Groups of IFNAR−/− mice were infected subcutaneously with CCHFV Turkey-2004 (target dose: 100 TCID50) and treated intraperitoneally with c13G8 (blue) or CC5-17 (light blue) (n = 6) at indicated timepoints and doses and followed for 21 days post-challenge. For this study, both antibodies were generated on the human IgG1 and kappa light chain backbone. Mean weight change (baseline at day 0), survival and clinical scores in mice following: a 1 mg mAb treatment at 30 min or +1/+4 days after challenge or b, 0.25 mg mAb dose treatment at 30 min or +1/+4 days after challenge. In parallel, groups of mice were treated intraperitoneally with IgG1 isotype control (1 mg dose only, n = 4) at indicated timepoints (mean weight loss and survival indicated by gray line). In contrast to mice treated with 1 mg of 13G8 or CC5-17, all mice treated with 1 mg of isotype control (at indicated timepoints, c developed severe clinical illness and succumbed to infection. Clinical scores ≥10 indicate end-point criteria. Gray boxes in clinical scores indicate animals removed from study due to fatal disease.


Neutralizing antibodies have desirable therapeutic activity against some viruses, especially with recent work highlighting COVID-1932,33,34. The therapeutic role for non-neutralizing antibodies is becoming more evident for high-risk pathogens like Ebola, Lassa, and Nipah toward preventing severe disease35,36,37,38,39. Therapeutic development toward CCHFV has proven difficult, but data from GP38-based DNA vaccines and anti-GP38 mAb studies have demonstrated that GP38 is immunorelevant and a viable anti-viral target11,16,17. Here, we show a complex structure of GP38 with that of c13G8 and the human-derived mAb CC5-17.

Although the human-derived mAbs boasted a clear increase in affinity over its mouse-derived counterpart, c13G8, CC5-17 demonstrated lower efficacy in vivo. Previous research discussed that binding affinity could be a determinant of efficacy toward site I11. As seen structurally, the epitope between 13G8 and CC5-17 is largely the same. However, these two antibodies approach GP38 at two different angles, which contributes to their differences in binding affinity. Although CC5-17 has a tight interaction with GP38 which result in an unmeasurable dissociation rate, its Ka is up to tenfold lower than that of c13G8 (Table 1) which might have contributed to its lower efficacy. As a whole our studies suggest that site I mAbs can have drastically different efficacy and the drivers of protection apart from binding affinity need to be further investigated.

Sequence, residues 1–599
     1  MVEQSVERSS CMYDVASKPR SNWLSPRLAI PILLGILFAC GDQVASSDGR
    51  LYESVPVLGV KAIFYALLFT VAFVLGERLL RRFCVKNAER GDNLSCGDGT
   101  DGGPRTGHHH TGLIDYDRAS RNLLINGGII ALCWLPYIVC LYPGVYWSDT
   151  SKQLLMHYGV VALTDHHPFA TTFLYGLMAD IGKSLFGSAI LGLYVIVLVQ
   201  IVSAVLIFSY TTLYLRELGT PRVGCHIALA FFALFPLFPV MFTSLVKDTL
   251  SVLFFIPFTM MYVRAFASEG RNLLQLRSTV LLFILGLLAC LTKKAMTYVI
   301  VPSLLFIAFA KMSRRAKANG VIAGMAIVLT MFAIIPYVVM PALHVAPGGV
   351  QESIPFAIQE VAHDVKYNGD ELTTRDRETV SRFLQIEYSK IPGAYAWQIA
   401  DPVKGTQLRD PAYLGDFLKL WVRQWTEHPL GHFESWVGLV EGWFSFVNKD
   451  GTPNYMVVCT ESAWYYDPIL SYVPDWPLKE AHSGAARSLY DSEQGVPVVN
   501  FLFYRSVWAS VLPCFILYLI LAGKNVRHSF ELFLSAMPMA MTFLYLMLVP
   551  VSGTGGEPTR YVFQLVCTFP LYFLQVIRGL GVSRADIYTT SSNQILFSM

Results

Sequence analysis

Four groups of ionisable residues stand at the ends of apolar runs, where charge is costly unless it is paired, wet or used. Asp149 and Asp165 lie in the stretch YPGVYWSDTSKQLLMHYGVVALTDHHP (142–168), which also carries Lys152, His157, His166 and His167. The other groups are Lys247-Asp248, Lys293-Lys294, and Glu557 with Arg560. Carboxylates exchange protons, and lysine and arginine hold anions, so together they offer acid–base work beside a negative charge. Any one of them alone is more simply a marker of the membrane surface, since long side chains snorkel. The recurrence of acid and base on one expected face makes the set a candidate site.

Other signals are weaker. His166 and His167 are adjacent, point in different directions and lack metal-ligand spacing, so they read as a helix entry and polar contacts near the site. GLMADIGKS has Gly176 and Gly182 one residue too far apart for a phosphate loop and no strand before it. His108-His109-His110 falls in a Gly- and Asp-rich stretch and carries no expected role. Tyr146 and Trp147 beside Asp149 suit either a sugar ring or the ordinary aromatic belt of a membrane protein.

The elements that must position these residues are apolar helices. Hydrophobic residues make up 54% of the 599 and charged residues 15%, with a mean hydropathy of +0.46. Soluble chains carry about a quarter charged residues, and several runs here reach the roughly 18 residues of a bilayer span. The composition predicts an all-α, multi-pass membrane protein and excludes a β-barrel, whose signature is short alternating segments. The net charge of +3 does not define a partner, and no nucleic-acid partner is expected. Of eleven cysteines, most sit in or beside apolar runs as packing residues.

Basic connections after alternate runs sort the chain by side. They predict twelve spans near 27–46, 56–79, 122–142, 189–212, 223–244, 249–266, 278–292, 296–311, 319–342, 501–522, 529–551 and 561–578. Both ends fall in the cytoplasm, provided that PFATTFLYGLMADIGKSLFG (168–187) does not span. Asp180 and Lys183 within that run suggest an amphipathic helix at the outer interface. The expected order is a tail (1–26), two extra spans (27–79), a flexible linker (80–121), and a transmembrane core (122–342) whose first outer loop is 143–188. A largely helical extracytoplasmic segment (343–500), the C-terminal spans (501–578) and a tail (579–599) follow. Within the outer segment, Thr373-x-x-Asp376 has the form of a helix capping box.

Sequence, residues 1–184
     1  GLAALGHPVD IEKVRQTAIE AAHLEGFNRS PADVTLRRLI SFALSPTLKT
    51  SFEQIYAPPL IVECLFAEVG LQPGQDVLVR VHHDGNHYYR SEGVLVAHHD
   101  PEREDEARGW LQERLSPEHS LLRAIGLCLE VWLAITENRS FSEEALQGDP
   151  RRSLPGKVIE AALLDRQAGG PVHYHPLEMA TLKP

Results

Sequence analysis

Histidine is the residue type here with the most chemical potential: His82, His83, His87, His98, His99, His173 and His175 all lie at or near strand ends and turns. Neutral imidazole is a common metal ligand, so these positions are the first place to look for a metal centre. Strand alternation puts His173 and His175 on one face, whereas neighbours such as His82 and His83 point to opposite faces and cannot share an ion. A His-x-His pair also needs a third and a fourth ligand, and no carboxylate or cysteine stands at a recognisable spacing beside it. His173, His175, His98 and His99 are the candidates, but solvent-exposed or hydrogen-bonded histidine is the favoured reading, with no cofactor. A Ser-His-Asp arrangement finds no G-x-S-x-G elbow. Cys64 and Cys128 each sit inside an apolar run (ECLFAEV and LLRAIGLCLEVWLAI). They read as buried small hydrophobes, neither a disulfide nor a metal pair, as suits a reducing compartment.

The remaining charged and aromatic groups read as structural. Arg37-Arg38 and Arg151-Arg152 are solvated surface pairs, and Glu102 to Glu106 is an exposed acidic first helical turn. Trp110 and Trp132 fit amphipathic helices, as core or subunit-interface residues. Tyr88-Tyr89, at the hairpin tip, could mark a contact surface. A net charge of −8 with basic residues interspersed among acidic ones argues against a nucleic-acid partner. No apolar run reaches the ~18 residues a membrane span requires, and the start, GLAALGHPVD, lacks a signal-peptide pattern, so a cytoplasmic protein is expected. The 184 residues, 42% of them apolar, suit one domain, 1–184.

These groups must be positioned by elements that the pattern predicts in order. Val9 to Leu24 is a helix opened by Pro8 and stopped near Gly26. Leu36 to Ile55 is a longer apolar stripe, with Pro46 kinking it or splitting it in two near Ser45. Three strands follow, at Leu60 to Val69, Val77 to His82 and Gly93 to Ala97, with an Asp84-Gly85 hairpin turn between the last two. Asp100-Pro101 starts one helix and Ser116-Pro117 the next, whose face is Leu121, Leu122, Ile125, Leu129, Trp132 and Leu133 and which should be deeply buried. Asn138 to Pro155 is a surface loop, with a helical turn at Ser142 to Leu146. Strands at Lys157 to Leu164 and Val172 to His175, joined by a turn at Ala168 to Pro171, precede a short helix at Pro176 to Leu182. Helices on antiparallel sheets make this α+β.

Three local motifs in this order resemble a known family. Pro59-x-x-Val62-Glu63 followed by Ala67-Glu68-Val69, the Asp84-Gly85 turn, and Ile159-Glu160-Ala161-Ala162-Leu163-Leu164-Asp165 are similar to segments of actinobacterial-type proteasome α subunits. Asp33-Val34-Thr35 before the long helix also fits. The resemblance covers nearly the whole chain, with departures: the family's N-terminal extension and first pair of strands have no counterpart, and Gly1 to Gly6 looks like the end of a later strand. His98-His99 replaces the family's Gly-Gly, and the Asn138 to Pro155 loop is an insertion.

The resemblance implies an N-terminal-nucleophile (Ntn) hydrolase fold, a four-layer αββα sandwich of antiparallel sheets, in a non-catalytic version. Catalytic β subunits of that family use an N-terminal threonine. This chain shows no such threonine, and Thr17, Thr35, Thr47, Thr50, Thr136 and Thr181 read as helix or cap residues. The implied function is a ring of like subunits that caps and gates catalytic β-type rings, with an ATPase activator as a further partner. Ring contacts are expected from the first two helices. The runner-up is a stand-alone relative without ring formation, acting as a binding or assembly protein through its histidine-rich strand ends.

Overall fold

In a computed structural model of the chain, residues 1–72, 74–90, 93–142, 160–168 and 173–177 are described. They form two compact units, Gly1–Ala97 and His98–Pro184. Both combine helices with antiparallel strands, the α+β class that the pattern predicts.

GP38’s function is still unknown, but recent evidence points to it localizing to the outside of viral particles and to the surface of cells. It is possible that the increase in association rate assists in clearance of not only virus but infected cells, or that the angle of approach bears more relevance on the cell surface or binding of GP38 in precursor or partially processed forms linked to the GPC MLD. The change in binding angles dictating the strength of effector function has been demonstrated in the case of antibodies to the HIV-1 envelope glycoprotein40. In the case of GP38 the angle of antibody binding could be critical for maximum complement binding, as previous studies show that 13G8 prevents viral spread to the liver, a direct elimination of the virus or virus infected cells could be a mechanism11. If not for the association rate, how GP38 localizes to the outside of these particles needs to be considered and if the orientation of the localized GP38 influences binding of mAbs. This would also need to be considered through site II–V mAbs and if they provide any efficacy.